The Secret Six
|The Secret Six|
|Directed by||George W. Hill|
|Produced by||George W. Hill
|Written by||Frances Marion|
John Mack Brown
|Edited by||Blanche Sewell|
The Secret Six is a fast-paced 1931 American pre-Code crime film starring Wallace Beery as "Slaughterhouse Scorpio", a character very loosely based on Al Capone, and featuring Lewis Stone, John Mack Brown, Jean Harlow, Clark Gable, Marjorie Rambeau and Ralph Bellamy. The film was written by Frances Marion and directed by George W. Hill for MGM.
Bootlegger Johnny Franks recruits a crude working man called Louis "Louie" Scorpio as part of the gang of mob boss Richard "Newt" Newton. Scorpio eventually becomes head of the organization himself. Then he is prosecuted by a secret group of six masked crime fighters, aided by newspaper reporters Carl Luckner and Hank Rogers.
Cast (in credits order)
- Wallace Beery as Louis 'Louie' Scorpio
- Lewis Stone as Richard 'Newt' Newton
- John Mack Brown as Hank Rogers
- Jean Harlow as Anne Courtland
- Marjorie Rambeau as Peaches
- Paul Hurst as Nick 'The Gouger' Mizoski
- Clark Gable as Carl Luckner
- Ralph Bellamy as Johnny Franks
- John Miljan as Smiling Joe Colimo
- DeWitt Jennings as Chief Donlin
- Murray Kinnell as 'Dummy' Metz (alias of Fink)
- Fletcher Norton as Jimmy Delano
- Louis Natheaux as Eddie
- Frank McGlynn, Sr. as Judge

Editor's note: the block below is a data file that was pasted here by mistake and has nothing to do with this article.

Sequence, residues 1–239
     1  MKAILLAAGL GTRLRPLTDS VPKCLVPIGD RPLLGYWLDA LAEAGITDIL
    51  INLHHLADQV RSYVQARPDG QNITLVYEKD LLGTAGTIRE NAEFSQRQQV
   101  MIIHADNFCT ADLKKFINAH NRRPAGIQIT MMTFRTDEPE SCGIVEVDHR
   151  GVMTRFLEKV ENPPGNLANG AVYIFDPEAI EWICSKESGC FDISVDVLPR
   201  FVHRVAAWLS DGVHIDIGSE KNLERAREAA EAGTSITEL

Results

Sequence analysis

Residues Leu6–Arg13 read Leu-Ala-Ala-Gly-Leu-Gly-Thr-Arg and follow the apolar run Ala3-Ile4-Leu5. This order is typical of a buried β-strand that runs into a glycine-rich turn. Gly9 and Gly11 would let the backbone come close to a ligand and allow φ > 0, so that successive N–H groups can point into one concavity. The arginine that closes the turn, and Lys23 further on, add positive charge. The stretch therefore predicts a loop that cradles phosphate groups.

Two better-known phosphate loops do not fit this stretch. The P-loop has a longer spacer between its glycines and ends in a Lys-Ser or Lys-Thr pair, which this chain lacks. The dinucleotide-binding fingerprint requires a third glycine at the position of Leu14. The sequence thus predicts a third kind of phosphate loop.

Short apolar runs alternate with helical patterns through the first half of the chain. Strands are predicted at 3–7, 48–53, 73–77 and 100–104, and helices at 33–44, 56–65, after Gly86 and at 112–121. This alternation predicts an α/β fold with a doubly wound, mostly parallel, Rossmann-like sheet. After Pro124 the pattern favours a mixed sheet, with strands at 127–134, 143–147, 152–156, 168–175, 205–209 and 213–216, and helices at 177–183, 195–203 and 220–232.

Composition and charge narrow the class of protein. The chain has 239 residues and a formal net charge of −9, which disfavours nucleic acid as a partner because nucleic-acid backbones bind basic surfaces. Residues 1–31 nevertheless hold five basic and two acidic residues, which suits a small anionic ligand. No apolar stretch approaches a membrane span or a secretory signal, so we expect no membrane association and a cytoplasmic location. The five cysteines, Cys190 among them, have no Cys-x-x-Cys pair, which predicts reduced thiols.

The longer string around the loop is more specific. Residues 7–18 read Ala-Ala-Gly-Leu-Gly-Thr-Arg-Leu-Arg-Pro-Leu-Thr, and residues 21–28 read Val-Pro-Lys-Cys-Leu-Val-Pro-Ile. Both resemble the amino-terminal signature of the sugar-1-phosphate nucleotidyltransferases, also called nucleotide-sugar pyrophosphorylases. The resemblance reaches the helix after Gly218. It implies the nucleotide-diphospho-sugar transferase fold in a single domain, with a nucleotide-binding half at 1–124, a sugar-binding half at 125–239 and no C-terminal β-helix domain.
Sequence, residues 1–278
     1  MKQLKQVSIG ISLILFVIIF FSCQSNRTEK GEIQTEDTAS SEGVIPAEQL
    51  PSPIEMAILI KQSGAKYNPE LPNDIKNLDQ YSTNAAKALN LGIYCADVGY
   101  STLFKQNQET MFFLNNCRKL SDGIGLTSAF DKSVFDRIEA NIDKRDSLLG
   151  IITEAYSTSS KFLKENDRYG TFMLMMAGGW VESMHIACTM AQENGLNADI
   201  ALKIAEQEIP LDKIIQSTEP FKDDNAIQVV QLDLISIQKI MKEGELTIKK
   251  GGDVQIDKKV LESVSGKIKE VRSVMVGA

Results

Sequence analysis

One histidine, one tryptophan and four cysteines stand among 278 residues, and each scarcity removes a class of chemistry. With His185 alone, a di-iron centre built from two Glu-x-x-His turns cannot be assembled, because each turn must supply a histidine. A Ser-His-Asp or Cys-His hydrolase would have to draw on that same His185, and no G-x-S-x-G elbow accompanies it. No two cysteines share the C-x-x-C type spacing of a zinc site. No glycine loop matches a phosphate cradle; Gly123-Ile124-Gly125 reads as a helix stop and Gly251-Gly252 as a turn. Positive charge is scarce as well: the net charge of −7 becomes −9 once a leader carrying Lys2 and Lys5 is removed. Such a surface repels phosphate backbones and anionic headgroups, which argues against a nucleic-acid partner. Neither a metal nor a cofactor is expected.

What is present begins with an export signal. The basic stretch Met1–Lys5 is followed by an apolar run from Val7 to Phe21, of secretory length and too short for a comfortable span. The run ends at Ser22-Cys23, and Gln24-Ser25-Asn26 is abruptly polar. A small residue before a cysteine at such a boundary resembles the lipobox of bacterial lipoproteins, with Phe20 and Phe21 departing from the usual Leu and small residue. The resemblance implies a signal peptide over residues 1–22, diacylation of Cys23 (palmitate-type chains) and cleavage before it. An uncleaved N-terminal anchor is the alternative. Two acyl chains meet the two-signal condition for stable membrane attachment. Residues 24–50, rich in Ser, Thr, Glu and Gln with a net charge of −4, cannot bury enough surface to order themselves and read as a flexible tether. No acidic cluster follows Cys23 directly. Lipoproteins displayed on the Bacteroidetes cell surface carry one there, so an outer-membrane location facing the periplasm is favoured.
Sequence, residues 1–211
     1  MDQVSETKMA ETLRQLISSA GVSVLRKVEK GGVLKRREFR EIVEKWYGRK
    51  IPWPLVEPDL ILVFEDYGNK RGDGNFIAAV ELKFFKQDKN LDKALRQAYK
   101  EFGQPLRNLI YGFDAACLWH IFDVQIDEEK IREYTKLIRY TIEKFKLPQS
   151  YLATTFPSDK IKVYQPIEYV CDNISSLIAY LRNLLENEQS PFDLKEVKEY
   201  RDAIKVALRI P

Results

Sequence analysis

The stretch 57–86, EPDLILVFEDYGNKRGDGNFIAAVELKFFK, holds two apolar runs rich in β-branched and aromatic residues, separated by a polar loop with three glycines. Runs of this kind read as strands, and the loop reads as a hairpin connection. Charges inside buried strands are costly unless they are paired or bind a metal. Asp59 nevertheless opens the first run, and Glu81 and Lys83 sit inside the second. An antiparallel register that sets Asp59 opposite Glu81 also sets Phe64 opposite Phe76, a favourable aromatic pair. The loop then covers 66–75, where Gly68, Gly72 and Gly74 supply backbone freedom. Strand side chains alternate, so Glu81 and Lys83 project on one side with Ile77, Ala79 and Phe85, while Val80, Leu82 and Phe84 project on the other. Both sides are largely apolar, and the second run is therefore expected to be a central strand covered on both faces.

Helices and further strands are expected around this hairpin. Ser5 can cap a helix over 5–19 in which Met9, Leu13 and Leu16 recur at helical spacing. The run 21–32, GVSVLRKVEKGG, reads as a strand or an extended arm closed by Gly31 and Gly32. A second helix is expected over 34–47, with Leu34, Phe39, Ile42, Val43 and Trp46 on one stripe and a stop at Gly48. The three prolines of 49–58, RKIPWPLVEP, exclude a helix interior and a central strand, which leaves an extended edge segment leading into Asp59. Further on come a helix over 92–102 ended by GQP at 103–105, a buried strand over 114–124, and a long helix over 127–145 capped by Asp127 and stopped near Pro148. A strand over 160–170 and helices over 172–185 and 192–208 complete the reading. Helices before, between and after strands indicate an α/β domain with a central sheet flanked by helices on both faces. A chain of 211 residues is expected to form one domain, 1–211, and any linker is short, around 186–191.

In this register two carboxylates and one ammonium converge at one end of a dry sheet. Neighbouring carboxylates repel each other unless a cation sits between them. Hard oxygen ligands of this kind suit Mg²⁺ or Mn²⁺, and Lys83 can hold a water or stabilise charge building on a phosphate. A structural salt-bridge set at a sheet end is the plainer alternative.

- Theodore Von Eltz as District Attorney Keeler
- Lynton Brent ... Reporter (uncredited)
- Charles Giblyn ... Mr. Simms - Ballistics Expert (uncredited)
- Joseph W. Girard ... Official (uncredited)
- Tom London ... Blackjacking Gangster (uncredited)
- George Magrill ... Police Guard at Jailhouse (uncredited)
- Lee Phelps ... Smelts - Waiter (uncredited)
- Oscar Rudolph ... Ivan Colimo (uncredited)
- Hector Sarno ... Finko (uncredited)
- Carol Tevis ... Manicurist (uncredited)
- Walter Walker ... Onlooker in Courtroom (uncredited)
- S.D. Wilcox ... Protesting Man in Courtroom (uncredited)
The film was Ralph Bellamy's first screen role. Beery and Gable made Hell Divers the following year, this time with Gable's role almost as large as Beery's. Beery, Harlow and Gable would work together again four years later in the epic seafaring adventure China Seas (1935), only with their billing reversed and all three names above the title.
According to MGM records the film earned $708,000 in the US and Canada and $286,000 elsewhere resulting in a profit of $148,000.
- The Eddie Mannix Ledger, Los Angeles: Margaret Herrick Library, Center for Motion Picture Study.
|This 1930s crime film-related article is a stub. You can help Wikipedia by expanding it.|